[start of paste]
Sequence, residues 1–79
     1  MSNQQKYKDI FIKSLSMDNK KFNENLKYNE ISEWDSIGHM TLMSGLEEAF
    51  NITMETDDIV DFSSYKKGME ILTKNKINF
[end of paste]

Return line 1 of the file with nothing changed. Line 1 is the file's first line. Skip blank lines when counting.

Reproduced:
Sequence, residues 1–79